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Credit Suisse Concedes Ground on YouTube Costs

Investment bank Credit Suisse, which had garnered major attention for claiming YouTube would lose $470 million this year, and then sustained criticism from infrastructure experts who said it greatly overestimated YouTube’s (s GOOG) costs, has revised its estimates. A little bit.

Now Credit Suisse analysts Spencer Wang and Kenneth Sena say (via Multichannel News and Contentinople) the Google-owned video site will spend $300 million on bandwidth in 2009, down from the $360 million they’d estimated in April, with the lower costs due to YouTube’s use of peering — where large online entities exchange traffic for free.

RampRate, a firm that advises companies on IT costs, in June released a challenge to Credit Suisse’s report saying YouTube’s peering and bandwidth costs would amount to just $75 million in 2009. RampRate also shaved off Credit Suisse’s storage and data center costs for YouTube, though the bank has apparently not made adjustments to those estimates.

Credit Suisse thinks only 20 percent of YouTube traffic is peered, compared with RampRate’s estimate of 73 percent. RampRate said its figures were educated assumptions based on deep market knowledge, while Credit Suisse said its newly added peering cost structure is based on “public peering data provided by Google engineers and conversations with bandwidth providers, transporters, peering facilities, and Google peering partners.”

With an unadjusted revenue figure of $240 million, Credit Suisse still thinks YouTube will lose more than $400 million in 2009. Yet Wang and Sena estimate YouTube makes 35 percent margins on its monetized video streams, so if the site puts ads on more videos (something it’s definitely been doing lately), its finances could improve dramatically.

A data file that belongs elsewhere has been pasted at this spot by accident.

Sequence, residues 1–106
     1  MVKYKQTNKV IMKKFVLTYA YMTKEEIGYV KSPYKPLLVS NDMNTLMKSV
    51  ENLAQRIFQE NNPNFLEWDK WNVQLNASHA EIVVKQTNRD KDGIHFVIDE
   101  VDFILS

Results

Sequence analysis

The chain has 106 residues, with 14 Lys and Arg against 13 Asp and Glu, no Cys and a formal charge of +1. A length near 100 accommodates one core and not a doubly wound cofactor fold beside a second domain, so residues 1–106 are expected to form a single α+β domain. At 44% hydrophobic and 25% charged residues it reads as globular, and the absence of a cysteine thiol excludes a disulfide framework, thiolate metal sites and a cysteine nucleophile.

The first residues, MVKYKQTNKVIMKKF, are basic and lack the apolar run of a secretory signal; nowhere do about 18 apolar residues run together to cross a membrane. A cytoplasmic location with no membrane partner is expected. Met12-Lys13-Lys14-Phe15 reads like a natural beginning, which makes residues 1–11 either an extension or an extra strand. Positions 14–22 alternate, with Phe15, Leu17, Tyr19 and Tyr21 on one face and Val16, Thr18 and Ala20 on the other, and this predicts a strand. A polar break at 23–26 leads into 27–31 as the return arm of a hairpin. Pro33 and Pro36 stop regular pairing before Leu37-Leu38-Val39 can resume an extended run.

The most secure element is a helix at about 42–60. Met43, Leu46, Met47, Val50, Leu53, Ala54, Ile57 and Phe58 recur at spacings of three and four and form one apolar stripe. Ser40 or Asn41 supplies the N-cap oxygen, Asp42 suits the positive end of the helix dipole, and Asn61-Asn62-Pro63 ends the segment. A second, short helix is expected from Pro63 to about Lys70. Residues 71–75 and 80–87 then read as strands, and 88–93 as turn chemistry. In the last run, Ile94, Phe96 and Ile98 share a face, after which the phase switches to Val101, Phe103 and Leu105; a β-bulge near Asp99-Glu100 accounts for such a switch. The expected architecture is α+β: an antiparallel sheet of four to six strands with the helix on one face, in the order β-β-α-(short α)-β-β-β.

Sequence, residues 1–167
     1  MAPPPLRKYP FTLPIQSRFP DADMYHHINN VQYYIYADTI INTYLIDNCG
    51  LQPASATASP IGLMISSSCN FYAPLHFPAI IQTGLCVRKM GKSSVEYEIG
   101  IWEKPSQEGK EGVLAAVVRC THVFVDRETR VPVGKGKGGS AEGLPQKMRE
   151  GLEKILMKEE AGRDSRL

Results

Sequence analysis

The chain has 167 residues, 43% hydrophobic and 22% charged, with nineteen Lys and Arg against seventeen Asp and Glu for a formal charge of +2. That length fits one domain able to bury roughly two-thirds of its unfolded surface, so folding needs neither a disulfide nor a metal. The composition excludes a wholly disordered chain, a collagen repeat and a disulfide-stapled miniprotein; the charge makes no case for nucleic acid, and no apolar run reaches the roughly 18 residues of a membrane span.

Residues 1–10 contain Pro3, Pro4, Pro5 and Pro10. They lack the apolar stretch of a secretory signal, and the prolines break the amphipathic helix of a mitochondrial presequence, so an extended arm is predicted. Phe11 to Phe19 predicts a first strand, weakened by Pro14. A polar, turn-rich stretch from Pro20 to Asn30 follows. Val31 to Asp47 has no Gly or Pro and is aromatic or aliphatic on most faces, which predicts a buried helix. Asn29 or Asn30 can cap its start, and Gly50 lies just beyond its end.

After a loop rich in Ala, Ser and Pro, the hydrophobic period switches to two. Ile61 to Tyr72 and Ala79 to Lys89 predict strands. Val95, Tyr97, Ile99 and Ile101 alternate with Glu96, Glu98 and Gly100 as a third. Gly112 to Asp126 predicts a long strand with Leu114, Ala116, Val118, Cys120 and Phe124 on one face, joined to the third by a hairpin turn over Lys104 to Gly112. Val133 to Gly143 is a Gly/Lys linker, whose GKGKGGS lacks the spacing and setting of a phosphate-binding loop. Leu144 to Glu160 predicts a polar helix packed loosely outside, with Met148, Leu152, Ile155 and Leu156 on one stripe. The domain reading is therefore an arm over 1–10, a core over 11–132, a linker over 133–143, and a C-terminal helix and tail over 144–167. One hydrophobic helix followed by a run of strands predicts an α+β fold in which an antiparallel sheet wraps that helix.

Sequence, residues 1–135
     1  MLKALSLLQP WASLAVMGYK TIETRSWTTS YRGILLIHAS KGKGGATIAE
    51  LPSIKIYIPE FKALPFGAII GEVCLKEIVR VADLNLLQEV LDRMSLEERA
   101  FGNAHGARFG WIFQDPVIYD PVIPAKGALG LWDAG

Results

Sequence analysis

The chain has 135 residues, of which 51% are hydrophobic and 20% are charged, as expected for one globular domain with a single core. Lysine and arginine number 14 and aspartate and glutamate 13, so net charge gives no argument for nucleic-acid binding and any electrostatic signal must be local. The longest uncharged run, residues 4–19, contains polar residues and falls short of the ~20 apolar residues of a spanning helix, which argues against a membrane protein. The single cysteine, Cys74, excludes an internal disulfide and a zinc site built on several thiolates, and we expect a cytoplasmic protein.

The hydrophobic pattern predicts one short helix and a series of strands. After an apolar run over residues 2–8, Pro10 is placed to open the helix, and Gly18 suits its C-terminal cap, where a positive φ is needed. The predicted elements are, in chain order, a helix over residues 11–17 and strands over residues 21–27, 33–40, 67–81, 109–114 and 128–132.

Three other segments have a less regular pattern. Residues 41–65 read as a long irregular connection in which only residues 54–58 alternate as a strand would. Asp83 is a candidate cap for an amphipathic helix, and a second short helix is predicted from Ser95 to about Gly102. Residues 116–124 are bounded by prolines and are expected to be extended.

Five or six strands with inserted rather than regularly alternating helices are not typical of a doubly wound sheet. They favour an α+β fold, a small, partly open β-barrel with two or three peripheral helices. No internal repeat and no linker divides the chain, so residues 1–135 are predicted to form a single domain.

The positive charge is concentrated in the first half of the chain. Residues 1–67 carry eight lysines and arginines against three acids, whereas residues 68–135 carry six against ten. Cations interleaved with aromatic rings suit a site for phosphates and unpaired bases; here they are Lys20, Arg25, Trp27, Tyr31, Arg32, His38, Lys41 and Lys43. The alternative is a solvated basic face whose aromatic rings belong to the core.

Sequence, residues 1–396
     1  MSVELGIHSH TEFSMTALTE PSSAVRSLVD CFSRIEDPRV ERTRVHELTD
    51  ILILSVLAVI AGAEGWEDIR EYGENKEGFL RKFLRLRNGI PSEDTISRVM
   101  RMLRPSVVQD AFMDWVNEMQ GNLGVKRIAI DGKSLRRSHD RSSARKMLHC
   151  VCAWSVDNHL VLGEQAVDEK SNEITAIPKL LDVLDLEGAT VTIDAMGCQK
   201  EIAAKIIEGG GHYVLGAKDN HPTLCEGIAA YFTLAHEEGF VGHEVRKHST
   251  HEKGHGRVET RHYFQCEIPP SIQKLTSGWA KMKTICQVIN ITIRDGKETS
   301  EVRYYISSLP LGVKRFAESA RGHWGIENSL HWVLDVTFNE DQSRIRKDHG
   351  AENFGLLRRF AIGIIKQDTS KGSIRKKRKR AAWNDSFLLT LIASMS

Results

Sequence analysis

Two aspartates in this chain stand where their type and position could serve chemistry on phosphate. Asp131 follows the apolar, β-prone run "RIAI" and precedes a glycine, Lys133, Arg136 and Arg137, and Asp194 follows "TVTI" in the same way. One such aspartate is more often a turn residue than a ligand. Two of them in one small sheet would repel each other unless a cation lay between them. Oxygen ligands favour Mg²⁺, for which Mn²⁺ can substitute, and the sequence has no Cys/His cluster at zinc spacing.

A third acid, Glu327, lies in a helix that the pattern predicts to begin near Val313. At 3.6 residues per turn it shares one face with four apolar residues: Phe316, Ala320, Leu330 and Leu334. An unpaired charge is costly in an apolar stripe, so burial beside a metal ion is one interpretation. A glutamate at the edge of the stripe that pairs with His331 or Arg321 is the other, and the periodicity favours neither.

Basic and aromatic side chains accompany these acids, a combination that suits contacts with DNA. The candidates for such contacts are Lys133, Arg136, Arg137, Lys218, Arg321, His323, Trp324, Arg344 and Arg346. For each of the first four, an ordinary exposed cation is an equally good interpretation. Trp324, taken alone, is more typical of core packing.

9 Responses to “Credit Suisse Concedes Ground on YouTube Costs”

  1. I agree, but then, it depends more on advertisers increasing their budgets for online video than on youtube increasing inventory opportunities. It is unlikely that youtube had much unexploited potential, mainly because google is a very well managed company.

    Greetings!

    LG
    Oops…forgot to say great post! Looking forward to your next one.

  2. I agree, but then, it depends more on advertisers increasing their budgets for online video than on youtube increasing inventory opportunities. It is unlikely that youtube had much unexploited potential, mainly because google is a very well managed company.

    Greetings!

    LG

  3. Ok, that is taking into account that dramatically increasing ads in videos wont reduce cost per ad nor audience.
    In a paid per performance scheme, the more invetory you add, the less cost per inventory piece you pay. That has been true for display, and same will happen to video advertising.
    It will be good, but, let’s wait to see to what extent it will improve youtube’s PnL.